People who are paid more feel better about the work they do — and generally speaking, company profits increase along with employee morale. It makes sense, then, to implement measures that boost morale across the board. Perhaps unsurprisingly, wage increases lift the spirit.

When people feel happier at work, they also feel more loyal toward their employers. Paying a little more per hour to improve loyalty pays dividends in the long run. Loyal employees produce better work, stay engaged, recommend other potentially good workers when vacancies arise, and spread good cheer about your brand.

productivity improves

You don’t have to limit better compensation to an hourly wage increase. Performance-based bonuses, annual bonuses and commission schemes boost morale and productivity at the same time. Highly engaged, productive employees drive your company forward. 

In simple terms, highly productive companies are more valuable than less productive peers in their industries. Productive companies handle bigger contracts successfully and can then market themselves to progressively larger clients, further boosting their industry standing. If you plan to scale your company, paying more than the minimum wage makes strategic sense.

profitability improves

Earlier, we mentioned that company profits improve alongside employee morale. There are many reasons for this, including reduced absenteeism and presenteeism, increased productivity and greater employee loyalty. In economics, this phenomenon is known as the efficiency-wage theory: employees who are paid more work harder to keep their jobs, boosting your profits in the process.

Recently, a Gallup poll found that highly engaged teams were 21% more profitable than unengaged teams. For a real-world example of the better-wage-better-productivity connection, look no further than a recent Harvard University working paper. Warehouse workers at a large company who received a $1 wage increase moved more boxes per hour, which led to an overall increase in productivity and profitability.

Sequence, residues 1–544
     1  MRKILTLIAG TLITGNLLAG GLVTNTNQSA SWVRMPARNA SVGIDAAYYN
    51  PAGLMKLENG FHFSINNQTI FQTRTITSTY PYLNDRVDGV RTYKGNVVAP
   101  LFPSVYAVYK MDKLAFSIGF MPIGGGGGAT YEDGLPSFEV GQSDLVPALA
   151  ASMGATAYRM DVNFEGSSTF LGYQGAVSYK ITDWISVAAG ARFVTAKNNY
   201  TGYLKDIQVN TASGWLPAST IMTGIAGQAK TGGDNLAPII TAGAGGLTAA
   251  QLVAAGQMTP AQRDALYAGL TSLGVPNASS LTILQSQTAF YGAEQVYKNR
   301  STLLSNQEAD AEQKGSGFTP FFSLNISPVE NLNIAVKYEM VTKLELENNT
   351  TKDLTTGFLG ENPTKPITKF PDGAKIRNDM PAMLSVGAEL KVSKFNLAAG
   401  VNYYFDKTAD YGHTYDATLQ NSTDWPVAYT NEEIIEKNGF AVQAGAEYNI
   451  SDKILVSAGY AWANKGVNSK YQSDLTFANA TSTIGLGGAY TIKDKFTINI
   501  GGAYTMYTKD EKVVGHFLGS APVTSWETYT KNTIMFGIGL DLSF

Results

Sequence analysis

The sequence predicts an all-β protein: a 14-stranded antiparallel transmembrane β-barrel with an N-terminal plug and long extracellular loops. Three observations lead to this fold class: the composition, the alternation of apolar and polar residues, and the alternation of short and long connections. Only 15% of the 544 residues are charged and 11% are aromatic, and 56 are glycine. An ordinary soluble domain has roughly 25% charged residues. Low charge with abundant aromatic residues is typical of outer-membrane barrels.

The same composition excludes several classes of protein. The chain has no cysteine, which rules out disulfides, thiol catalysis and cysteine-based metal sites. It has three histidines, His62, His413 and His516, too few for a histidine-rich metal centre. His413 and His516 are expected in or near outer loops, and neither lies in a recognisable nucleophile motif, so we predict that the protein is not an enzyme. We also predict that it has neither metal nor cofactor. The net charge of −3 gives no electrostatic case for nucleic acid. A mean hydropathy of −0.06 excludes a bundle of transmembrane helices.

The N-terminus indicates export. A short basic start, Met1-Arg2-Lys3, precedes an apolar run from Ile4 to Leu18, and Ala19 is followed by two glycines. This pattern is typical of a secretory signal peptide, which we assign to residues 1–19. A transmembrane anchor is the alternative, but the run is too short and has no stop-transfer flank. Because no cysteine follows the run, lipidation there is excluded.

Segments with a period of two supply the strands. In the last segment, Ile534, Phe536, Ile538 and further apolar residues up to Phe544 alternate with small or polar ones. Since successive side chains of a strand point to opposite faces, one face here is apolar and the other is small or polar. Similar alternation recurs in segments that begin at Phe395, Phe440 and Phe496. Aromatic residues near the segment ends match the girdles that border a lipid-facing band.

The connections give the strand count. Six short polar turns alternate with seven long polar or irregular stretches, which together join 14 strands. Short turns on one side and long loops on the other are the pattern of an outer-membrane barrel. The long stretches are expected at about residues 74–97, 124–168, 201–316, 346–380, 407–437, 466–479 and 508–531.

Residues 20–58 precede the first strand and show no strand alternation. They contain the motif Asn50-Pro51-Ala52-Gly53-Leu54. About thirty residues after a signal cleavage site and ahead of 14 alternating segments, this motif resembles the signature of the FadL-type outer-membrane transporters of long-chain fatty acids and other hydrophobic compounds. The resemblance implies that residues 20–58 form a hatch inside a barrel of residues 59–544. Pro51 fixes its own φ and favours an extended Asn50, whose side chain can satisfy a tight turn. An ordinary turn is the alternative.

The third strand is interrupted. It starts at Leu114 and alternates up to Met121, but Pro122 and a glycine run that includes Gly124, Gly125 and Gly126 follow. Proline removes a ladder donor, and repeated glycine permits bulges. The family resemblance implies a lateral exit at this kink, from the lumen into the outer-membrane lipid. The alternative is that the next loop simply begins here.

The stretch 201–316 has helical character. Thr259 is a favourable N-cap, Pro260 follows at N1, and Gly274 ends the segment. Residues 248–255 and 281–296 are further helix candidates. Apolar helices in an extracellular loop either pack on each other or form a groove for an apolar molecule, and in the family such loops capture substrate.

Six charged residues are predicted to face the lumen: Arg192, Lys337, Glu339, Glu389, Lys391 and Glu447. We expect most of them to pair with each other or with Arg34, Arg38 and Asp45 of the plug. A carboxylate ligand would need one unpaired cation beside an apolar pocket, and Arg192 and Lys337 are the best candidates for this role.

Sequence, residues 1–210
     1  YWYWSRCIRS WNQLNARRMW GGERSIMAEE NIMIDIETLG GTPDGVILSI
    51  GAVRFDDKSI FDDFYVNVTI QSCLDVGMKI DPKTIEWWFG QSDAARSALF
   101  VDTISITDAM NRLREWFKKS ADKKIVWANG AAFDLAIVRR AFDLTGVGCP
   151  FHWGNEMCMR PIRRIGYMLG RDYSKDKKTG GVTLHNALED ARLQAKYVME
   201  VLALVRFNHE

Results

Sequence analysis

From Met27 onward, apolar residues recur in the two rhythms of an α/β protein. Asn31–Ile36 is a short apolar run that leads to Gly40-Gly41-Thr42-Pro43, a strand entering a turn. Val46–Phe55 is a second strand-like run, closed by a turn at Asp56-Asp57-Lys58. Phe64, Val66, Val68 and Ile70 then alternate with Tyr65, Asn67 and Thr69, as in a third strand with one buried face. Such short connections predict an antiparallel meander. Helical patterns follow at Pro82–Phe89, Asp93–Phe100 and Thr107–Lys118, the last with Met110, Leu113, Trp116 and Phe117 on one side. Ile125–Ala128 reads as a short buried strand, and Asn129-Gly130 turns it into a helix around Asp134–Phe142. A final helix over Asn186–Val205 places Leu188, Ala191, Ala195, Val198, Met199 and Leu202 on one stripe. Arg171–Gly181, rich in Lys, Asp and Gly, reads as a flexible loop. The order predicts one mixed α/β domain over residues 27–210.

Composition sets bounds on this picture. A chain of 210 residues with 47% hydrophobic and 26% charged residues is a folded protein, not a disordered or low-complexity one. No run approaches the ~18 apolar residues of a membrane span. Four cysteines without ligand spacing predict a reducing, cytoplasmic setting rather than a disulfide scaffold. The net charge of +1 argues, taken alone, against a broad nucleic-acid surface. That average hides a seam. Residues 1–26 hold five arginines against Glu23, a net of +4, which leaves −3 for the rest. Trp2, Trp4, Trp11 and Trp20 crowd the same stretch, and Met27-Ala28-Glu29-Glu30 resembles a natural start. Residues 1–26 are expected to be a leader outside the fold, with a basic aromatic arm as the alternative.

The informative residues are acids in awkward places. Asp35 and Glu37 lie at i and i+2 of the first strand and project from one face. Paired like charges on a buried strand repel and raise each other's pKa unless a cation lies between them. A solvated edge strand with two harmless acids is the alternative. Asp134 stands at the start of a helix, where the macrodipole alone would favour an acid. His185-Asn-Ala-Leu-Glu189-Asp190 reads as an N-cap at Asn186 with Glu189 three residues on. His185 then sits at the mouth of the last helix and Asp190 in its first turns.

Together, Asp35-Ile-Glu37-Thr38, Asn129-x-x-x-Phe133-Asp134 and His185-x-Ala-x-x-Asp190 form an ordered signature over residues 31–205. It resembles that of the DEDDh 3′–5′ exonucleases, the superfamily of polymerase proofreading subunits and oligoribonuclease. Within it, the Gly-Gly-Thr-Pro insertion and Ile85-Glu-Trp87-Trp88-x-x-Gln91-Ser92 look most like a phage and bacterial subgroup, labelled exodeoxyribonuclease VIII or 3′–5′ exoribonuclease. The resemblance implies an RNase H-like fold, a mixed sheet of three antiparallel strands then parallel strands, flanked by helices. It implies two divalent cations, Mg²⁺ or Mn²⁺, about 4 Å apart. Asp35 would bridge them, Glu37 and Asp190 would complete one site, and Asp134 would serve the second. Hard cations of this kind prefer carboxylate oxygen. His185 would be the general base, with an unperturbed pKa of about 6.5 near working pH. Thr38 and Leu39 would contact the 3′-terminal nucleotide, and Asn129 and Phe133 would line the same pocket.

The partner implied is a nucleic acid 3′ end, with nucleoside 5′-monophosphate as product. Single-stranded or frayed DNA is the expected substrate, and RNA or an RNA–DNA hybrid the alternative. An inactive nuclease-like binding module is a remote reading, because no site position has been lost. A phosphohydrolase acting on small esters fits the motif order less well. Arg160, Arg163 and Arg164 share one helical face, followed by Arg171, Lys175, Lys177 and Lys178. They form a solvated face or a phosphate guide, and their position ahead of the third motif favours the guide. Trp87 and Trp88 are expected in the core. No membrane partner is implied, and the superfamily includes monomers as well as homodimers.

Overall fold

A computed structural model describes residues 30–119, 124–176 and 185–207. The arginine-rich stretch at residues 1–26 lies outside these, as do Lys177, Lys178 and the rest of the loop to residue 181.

brand image improves

When companies don’t compensate employees fairly, they lose street cred. Millennials and Gen Z Canadians gravitate toward socially conscious brands — and they make employment choices based on those preferences, too. When companies pay well, they directly contribute to the communities they’re based in. In turn, community members spread the word and boost brand engagement at every level. 

Socially conscious well-paying brands reap profitable rewards. They don’t just sell more products — they also attract productive, loyal workers. Staff turnover rates stay low, reducing the need to recruit. Costs fall across the board, and profits go up even more.


At the end of the day, paying more than minimum wage can help you compete with other, similar employers in the marketplace. You’re more likely to attract highly-skilled candidates when you post job openings, and your existing workers are more likely to remain with your company. In turn, you’ll spend less on recruitment and training expenses and reap the benefits of a brand image boost.

Minimum wages are rising across the board in response to the COVID-19 pandemic — but you don’t have to wait to pay your people more. If you raise wages at your company, you’ll attract talented candidates and keep your best team players on side for longer.

talk to an expert about salary trends

Want to learn more about how paying higher than minimum wage is impacting salary trends? Schedule a meeting with a Randstad team member to discuss the emerging changes in fair compensation.